Countries/Jurisdictions of Primary Concern - Nigeria

Bureau of International Narcotics and Law Enforcement Affairs
Report

Nigeria remains a major drug transshipment point and a significant center for criminal financial activity. Individuals, such as internet fraudsters and corrupt officials and businessmen, as well as criminal and terrorist organizations take advantage of the country’s location, porous borders, weak laws, corruption, inadequate enforcement, and poor socioeconomic conditions to launder the proceeds of crime. Criminal proceeds laundered in Nigeria derive largely from foreign drug trafficking and criminal activity rather than domestic activities. Drug traffickers reportedly use Nigerian financial institutions to conduct currency transactions involving U.S. dollars derived from the sale of illicit drugs.

Proceeds from illegal oil bunkering; bribery and embezzlement; contraband smuggling; theft, including bank robberies; and financial crimes, such as bank fraud, real estate fraud, and identity theft, also constitute major sources of illicit proceeds in Nigeria. Advance fee fraud, also known as “419 fraud” in reference to the fraud section in Nigeria’s criminal code, remains a lucrative financial crime that generates hundreds of millions of illicit dollars annually. A recent FBI report estimates $12.7 billion in losses to financial fraud in West Africa, much of which is attributed to Nigeria.

Money laundering in Nigeria takes many forms, including investment in real estate; wire transfers to offshore banks; political party and campaign financing; deposits into foreign bank accounts; abuse of professional services, such as lawyers, accountants, and investment advisers; reselling imported goods, such as luxury or used cars, textiles, and consumer electronics purchased with illicit funds; and bulk cash smuggling. Cybercrime in Nigeria is becoming more sophisticated. Nigerian cybercriminals have not traditionally employed sophisticated hacking/exploit techniques to conduct their crimes, rather, they have relied on social engineering. In recent years, however, there has been an increase in the use of sophisticated techniques, such as e-mail hacking, intrusions, and the use of social media. There also have been a number of recent cases in which subjects located in Nigeria have owned and operated botnets through which they have conducted distributed denial of service attacks. Nigerian criminal enterprises are often adept at evading detection and subverting international and domestic law enforcement efforts.

For additional information focusing on terrorist financing, please refer to the Department of State’s Country Reports on Terrorism, which can be found at: //2009-2017.state.gov/j/ct/rls/crt/

Do FINANCIAL INSTITUTIONs engage in currency transactions related to international narcotics trafficking that include significant amounts of US currency; currency derived from illegal sales in the U.S.; or illegal drug sales that otherwise significantly affect the U.S.: YES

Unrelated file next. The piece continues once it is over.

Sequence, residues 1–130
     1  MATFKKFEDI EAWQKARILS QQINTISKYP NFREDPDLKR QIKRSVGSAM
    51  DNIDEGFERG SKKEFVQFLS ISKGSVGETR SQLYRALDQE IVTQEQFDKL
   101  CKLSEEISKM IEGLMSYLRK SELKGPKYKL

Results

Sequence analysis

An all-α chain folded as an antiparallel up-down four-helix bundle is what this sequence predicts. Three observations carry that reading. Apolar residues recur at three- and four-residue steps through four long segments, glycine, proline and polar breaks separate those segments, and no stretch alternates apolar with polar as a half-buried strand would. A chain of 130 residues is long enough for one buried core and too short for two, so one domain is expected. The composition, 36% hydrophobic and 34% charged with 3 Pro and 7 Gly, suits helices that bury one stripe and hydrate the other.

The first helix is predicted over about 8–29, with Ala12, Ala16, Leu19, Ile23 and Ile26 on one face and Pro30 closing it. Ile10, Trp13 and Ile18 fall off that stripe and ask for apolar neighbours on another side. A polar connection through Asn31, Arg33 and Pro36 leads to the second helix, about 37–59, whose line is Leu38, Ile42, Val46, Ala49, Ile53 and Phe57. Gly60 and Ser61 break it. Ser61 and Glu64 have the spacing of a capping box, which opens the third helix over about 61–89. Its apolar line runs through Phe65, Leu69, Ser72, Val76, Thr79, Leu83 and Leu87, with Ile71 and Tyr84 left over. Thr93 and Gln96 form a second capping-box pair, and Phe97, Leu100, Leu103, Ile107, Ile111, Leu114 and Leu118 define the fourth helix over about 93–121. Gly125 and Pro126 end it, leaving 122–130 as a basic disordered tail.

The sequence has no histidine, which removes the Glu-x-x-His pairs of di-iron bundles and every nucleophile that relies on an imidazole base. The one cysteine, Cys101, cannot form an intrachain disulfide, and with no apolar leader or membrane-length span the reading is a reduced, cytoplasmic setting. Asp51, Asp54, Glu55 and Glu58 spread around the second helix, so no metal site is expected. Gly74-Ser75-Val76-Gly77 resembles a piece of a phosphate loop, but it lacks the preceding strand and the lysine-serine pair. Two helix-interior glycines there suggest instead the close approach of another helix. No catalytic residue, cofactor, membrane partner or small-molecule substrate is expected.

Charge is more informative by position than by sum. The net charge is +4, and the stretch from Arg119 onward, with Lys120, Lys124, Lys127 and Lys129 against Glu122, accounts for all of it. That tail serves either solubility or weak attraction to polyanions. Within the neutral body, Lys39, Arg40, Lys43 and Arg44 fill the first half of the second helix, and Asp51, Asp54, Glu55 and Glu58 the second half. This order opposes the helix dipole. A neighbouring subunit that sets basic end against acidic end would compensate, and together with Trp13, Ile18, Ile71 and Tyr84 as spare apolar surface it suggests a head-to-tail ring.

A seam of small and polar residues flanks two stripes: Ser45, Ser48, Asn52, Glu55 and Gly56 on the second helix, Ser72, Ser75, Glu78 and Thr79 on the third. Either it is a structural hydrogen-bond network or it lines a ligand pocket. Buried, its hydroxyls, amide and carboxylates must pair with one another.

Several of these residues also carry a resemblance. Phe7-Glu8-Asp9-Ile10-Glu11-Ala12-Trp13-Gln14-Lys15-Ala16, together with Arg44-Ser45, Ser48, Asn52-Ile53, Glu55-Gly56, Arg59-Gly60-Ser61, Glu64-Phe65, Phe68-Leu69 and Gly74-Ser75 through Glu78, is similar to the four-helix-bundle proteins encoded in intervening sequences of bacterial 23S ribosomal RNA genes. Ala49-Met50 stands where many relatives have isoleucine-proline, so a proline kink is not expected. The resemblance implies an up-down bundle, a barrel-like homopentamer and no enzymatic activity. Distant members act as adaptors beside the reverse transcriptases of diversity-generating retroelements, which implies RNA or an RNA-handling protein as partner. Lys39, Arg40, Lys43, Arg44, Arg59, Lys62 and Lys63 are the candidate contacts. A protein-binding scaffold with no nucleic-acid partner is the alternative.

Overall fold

criminalizATION OF money laundering:

“All serious crimes” approach or “list” approach to predicate crimes: List approach

Are legal persons covered: criminally: YES civilly: YES

Know-your-customer (KYC) rules:

Enhanced due diligence procedures for PEPs: Foreign: YES Domestic: YES

KYC covered entities: Banks, investment and securities broker/dealers, and discount houses; insurance institutions; debt factorization and conversion firms, money exchanges, and finance companies; money brokerage firms whose principal business includes factoring, project financing, equipment leasing, debt administration, fund management, private ledger service, investment management, local purchase order financing, export finance, project and financial consultancy, or pension funds management; dealers in jewelry, cars, and luxury goods; chartered accountants, audit firms, and tax consultants; clearing and settlement companies and legal practitioners; hotels, casinos, and supermarkets

REPORTING REQUIREMENTS:

Number of STRs received and time frame: 722: January 1 – September 30, 2014

Number of CTRs received and time frame: 3,878,984: January 1 – September 30, 2014

STR covered entities: Banks, investment and securities broker/dealers, and discount houses; insurance institutions; debt factorization and conversion firms, money exchanges, and finance companies; money brokerage firms whose principal business includes factoring, project financing, equipment leasing, debt administration, fund management, private ledger service, investment management, local purchase order financing, export finance, project and financial consultancy, or pension funds management; dealers in jewelry, cars, and luxury goods; chartered accountants, audit firms, and tax consultants; clearing and settlement companies and legal practitioners; hotels, casinos, and supermarkets